About a year ago
Darren Naish, at his Tetrapod Zoology blog, launched an all out (as opposed to specific pinpoint) attack on ReptileEvolution.com. As you’ll recall, and beyond all logic, he peppered his attack with monstrous renderings from other artists. In the same vein, Naish also included his own version of the large reptile tree (while virtually ignoring the real one, Fig. 2). His self-titled “highly simplified version of the David Peters reptileevolution.com tetrapod tree” version (Fig. 1) included only 14 taxa. And over half of those were new (not included in the original large reptile tree taxon list of 325.)
So once again,
rather than using real data and real evidence from the ReptileEvolution.com website, Darren Naish made up his own tree (Fig.1) and taxa. And by labeling it a “version of the David Peters tree,” Naish set it up (passively in this case) to be ridiculed. Here’s how: Covering such a wide gamut with so few taxa gives the impression that none of these taxa are closely related to one another, or evolve from one another. Which is true! By omitting hundreds of transitional taxa (nodes shown in pink, Fig. 1), Naish’s tree becomes a misrepresentation of the large, robust and fully resolved tree that depends on those hundreds of transitional taxa to show close relationships and evolutionary pathways.
Making up your own evidence and planting it on someone else is typically inadmissible in court. Withholding evidence (omitting hundreds of transitional taxa, ) is likewise frowned upon. Yet Naish still feels justified and proud of his invented journalism.
The failure of prior trees, including Naish’s tree
is in their small size. Too few taxa (14 in Naish’s case) cannot hope to relay the wonders and blends and relationships within the wide gamut of reptile evolution. You need more taxa (at least a magnitude more). And in Naish’s case, you need more basal taxa (no Iguanodon, please).
Naish chose to portray (Fig.1) a derived Cretaceous pterosaur rather than a basal Triassic one. He chose to portray a derived sauropterygian, ichthyosaur, dinosaur, croc, mammal, turtle and frog, none of which are found in the large reptile tree. So there’s massive misrepresentation here. This is not the Peters taxon list. He wanted the taxa to look unrelated, and he succeeded. He wanted to make the reptile evolution tree look bad.
If only Naish had listened to the good angel on his other shoulder…
Naish could have shown the actual reptile evolution tree, or segments of it, but he didn’t. He could have focused on a recovered clade and demonstrated problems within it, but he didn’t.
(Notice, I am using Naish’s own tree in my attack here. It wasn’t that difficult to do.)
As an analogy, Naish’s tree gave us the colors blue, red and yellow without including the gradual spectrum of color transitions between them — which is the whole point of any study of evolution, right?
On a sarcastic note
Using Naish’s “highly simplified” version of evolution (Fig. 1), let’s also show the evolution of humans starting with a sponge, a fly, a starfish, a lamprey, a swordfish, Eryops, a snake, Dimetrodon, Burnetia, a platypus, an elephant, a cat, a rabbit and a tarsier. That’s the same number of taxa that Naish used and in the correct phylogenetic order. But the evolutionary transitions are just too difficult to understand because basal taxa are not used.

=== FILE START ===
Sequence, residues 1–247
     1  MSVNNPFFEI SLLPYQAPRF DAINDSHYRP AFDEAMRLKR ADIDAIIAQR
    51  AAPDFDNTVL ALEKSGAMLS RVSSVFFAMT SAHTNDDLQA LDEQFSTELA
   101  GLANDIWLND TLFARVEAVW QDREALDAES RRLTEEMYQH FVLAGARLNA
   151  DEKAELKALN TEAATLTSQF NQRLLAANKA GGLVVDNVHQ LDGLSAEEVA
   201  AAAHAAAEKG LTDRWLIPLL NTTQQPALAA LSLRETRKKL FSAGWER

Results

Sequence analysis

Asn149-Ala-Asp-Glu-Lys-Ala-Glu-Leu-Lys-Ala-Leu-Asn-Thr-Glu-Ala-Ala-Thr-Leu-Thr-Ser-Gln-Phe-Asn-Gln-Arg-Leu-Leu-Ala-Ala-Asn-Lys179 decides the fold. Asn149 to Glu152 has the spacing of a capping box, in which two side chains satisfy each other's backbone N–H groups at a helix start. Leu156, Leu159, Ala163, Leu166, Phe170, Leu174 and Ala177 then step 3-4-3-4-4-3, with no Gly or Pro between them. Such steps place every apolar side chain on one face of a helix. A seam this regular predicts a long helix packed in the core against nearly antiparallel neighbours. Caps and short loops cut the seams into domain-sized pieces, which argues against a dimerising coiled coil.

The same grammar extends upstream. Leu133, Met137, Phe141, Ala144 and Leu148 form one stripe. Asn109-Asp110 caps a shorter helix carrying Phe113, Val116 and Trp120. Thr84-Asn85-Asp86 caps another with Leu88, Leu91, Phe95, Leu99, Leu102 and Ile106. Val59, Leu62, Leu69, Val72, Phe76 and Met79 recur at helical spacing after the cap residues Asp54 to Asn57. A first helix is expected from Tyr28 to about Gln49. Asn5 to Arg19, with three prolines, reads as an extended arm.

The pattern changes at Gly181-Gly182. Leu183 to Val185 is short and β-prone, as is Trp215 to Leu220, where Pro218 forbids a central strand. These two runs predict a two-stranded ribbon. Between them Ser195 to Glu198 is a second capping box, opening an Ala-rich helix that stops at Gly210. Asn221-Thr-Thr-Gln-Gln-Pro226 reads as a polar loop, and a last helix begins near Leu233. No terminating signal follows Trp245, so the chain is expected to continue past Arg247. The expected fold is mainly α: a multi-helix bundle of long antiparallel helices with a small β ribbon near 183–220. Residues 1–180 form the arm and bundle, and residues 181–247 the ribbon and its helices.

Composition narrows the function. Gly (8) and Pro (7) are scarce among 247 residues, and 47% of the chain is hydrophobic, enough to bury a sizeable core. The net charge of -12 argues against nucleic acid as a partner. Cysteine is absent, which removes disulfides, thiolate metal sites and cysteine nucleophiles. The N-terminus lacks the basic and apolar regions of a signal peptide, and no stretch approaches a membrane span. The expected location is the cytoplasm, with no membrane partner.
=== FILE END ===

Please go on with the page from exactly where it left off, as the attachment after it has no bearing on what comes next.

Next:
This is how Darren Naish made evolution look bad.
By contrast —
This is how to make evolution look good.
If you are interested in any genus listed on the large reptile tree, you can find it at ReptileEvolution.com. Look it up and you can link to any number of predecessors and descendants (if there are any), relatives and offshoots. You’ll see that related taxa share a very large suite of traits. Unrelated taxa don’t share as many traits. You’ll be able to read what traits are new and what traits have become vestiges. Sadly, such rich details are missing from Naish’s “highly simplified” tree. In large gamut evolutionary studies 14 taxa cannot provide the same value as 340. To “highly simplify” evolution is to misrepresent it and make it unintelligible and laughable. Naish’s version of simplification has the same effect as removing 20 or more letters from the alphabet.
The power and value of ReptileEvolution.com
is in the number of included taxa, each one a slight variation from its closest relative. The whole point is to get closer to these transitions so you can begin to understand the natural selection trends and the gradual evolutionary processes that occurred back then. Here you’ll get higher resolution by removing the evolutionary distances between related reptiles. And you do this by increasing the number of included taxa.
More is better!!!!
You just can’t get such high resolution and increased understanding from a mere 14 taxa in a “highly simplified” tree.
A year later Naish still doesn’t understand his error. He thinks he did the world a great favor by exposing the “sham” behind ReptileEvolution.com. Hopefully someone someday will point out to him that, in this case, his over “simplification” was the real sham.